Microsoft.com, $49.99In addition to its role as a major software vendor, Microsoft also dabbles seriously in the computer hardware. The Microsoft Explorer Mini Mouse utilizes a proprietary tracking technology called BlueTrack that merges the best of optical and laser tracking devices to offer precision performance on just about kind of surface (including marble or even carpet). The device also includes a small USB transceiver that does away with wires and works well on both notebook and desktop PCs, and that tucks into the bottom of the mouse when it’s not in use. It uses a single AA battery which lasts for up to four months of everyday use. It’s also a snap to use: feed it a battery, plug in the transceiver, and you’re ready to roll!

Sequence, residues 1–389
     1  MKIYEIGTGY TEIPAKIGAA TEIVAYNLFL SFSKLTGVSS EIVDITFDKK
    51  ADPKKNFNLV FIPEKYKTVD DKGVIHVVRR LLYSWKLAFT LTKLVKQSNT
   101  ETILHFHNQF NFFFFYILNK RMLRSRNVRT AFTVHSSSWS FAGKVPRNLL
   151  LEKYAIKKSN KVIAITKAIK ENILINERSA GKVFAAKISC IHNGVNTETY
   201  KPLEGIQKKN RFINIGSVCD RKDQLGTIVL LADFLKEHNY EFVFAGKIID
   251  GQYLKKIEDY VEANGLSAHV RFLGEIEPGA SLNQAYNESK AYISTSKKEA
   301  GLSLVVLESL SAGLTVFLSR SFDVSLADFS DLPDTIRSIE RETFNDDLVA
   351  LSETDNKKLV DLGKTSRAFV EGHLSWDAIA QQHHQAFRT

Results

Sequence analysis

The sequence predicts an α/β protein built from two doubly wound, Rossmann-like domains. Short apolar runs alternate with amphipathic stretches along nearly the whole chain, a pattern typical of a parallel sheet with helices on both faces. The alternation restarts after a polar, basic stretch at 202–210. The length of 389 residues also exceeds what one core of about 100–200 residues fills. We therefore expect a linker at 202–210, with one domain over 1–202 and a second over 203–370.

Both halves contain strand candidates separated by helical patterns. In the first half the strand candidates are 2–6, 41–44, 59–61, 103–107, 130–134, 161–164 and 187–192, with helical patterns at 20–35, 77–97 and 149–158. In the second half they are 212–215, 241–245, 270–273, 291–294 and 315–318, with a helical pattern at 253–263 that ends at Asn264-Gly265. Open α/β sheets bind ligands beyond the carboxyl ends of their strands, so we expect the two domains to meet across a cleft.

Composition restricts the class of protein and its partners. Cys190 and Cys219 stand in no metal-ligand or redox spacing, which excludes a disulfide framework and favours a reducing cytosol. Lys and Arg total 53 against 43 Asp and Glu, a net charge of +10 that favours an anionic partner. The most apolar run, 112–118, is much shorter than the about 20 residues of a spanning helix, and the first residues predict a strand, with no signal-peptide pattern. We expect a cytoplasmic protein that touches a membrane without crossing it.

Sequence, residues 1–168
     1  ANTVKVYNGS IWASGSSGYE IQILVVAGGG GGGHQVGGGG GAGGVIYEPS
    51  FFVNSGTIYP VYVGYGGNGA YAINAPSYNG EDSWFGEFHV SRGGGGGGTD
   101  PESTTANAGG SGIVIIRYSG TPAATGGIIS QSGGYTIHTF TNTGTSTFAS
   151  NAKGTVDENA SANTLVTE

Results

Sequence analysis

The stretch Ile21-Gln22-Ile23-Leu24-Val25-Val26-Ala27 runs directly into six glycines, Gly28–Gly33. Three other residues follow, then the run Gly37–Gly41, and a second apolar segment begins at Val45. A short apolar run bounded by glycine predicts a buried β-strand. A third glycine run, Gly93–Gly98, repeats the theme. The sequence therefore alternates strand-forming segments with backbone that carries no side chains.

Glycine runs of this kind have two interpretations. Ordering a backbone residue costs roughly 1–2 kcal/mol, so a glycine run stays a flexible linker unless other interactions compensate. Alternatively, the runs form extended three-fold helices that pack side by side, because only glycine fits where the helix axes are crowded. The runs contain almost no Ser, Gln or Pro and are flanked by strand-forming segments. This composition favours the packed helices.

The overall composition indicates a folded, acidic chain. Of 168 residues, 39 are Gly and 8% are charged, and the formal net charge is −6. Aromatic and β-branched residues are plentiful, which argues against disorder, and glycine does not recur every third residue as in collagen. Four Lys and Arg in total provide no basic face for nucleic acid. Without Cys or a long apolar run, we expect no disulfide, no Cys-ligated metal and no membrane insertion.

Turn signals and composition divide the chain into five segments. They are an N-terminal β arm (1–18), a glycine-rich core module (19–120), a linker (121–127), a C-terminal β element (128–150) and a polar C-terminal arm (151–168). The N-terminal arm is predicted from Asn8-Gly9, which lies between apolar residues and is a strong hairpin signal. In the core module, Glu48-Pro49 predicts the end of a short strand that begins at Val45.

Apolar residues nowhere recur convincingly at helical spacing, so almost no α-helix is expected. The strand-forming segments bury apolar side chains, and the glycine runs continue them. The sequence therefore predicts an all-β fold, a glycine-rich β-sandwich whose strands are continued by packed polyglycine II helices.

RocketLife Photo Book
Rocketlife.com, $9.95-$35.95Sometimes, tech isn’t the gift itself, but the tool that helps you get creative. In this case, the gift is a beautifully bound and customized photo album. But the tech—RocketLife’s online book editing software—is what makes it unique. We uploaded photos (quickly) from a parade we watched during a trip to Belgium. RocketLife automatically picked the choicest photos and arranged them artfully on the number of pages we specified. Doing it by hand would’ve taken hours, but this took ten minutes. Different sizes, textures, colors, and patterns, along with a customized cover and book jacket, make this a more special photo book than the ones created at mainstream photo-printing Web sites.
Polaroid Pogo Printer